Thoughts on MMO tourism Monday, Nov 9 2009 

david-bowie

I totally see Bowie playing a Warlock. Like, for sure.

[Song to the tune of Fashion, by David Bowie]

There’s a brand new MMO
but we don’t its name…
The players from WoW are
coming to play…
But the game is big and bland,
full of mobs and gear…
We grind up some levels and cancel our subs.

Fashion! Sub to WAR!
Fashion! Sub to Aion!
Oooooooh wa, fashion.
We are the WoW tourists
And we don’t plan to stay!
Beep-beep

I just can’t help myself.

I try the shiny, new MMO but I keep coming back to WoW. Is it a sickness? Has Blizzard brain washed me? Dear Gawd what’s wrong with me!!!!!

Yet again, another MMO has failed to inspire me… yep I’m talking Aion. I just can’t work up enough enthusiasm for the game. Unlike WAR which I played solidly for six months before giving up, Aion didn’t even make it past the month.

Ok! Ok! I’m the dreaded WoW tourist! However, I’m not concerned about the slings and arrows that may be thrown my way. I’ll continue to try new games, but I’m yet to be lured away from the “One True Game”.

We’re mad, bad, and dangerous us WoW tourists. We descend on a game like a horde of locusts and then, just as quickly, we’re gone. In recognition of this fact, I dedicate the above song to both myself as well as the other WoW tourists out there.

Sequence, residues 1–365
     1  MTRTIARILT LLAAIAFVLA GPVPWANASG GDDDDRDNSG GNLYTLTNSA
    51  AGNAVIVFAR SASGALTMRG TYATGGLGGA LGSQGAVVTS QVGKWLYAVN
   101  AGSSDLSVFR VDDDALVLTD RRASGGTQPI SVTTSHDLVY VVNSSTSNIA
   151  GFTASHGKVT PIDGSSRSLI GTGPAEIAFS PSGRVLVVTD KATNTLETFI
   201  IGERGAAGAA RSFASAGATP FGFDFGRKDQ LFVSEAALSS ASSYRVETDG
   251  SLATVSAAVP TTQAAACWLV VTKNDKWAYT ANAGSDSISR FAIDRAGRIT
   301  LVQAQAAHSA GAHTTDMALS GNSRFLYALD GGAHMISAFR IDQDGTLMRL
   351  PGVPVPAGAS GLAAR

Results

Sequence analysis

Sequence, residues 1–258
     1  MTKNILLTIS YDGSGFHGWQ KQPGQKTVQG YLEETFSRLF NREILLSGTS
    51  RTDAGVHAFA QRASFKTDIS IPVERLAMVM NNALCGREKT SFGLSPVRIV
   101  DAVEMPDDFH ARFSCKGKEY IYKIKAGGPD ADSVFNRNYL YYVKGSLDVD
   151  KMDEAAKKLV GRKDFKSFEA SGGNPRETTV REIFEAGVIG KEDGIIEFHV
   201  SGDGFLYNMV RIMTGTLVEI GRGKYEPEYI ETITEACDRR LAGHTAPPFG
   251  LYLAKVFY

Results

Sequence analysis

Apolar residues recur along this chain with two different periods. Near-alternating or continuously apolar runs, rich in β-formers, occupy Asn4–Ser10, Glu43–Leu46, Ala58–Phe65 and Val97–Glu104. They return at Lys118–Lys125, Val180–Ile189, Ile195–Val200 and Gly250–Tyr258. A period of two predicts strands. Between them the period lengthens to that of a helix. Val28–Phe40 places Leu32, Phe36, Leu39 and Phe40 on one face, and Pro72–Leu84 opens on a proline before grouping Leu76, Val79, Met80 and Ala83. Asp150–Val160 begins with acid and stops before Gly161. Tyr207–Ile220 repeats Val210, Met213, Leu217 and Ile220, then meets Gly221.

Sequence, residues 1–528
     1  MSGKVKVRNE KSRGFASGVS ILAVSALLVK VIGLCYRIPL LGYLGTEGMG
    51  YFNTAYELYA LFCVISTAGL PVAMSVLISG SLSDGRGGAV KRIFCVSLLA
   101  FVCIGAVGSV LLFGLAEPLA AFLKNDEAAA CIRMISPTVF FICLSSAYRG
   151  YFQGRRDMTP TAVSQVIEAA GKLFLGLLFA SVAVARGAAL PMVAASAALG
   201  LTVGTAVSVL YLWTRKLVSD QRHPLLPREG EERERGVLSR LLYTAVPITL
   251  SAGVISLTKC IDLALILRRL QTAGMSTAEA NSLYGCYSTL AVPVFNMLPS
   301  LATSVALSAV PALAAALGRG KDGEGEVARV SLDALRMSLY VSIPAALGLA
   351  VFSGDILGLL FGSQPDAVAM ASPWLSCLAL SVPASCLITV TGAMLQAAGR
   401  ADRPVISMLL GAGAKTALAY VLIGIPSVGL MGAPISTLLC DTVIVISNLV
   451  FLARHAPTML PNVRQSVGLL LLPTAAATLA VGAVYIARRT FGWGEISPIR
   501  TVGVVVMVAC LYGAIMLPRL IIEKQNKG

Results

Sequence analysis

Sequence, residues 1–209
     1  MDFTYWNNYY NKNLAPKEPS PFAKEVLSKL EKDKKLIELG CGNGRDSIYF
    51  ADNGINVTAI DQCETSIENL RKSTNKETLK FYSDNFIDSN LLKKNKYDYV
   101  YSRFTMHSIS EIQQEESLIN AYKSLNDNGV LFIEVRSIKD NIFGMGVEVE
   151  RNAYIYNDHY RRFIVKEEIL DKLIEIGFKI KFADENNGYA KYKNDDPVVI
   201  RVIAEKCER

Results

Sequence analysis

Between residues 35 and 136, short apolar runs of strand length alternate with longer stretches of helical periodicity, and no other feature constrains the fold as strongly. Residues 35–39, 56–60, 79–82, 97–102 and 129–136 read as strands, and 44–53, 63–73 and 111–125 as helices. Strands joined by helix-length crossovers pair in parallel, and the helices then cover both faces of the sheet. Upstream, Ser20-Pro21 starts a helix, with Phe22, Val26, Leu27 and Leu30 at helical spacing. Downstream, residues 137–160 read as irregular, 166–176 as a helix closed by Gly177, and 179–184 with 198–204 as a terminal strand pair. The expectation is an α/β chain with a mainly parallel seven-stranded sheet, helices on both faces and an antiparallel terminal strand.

But to be frank, I don’t feel guilty. A succession of MMOs have failed to maintain my attention: that’s not my fault. If the developers can’t make a product that keeps me enthused, then the blame mostly lies with them. I will give a game as much time as it deserves. Really I will.

But still, what is it about WoW that is different to the other MMOs? On the surface there is very little difference between these games:

  • Generic fantasy setting
  • DPS/Tank/Healer classes
  • WASD/Action bar controls
  • 3D graphics
  • Professions
  •  Virtual economies
  •  PvP
  • Instanced dungeons/raids

Tick “check” for all of the above for WoW, WAR, DDO, Aion, LoTRO and the rest.

What is that makes a difference: is it quality, polish, content, story or game mechanics? Sure, if a game fails in any of these, then it will find it hard to maintain its player base. Still, that’s only one half of the equation.

The other has to be the strength of the games community. And I don’t mean the number of subscribers. I mean how passionate a fan base is about their game.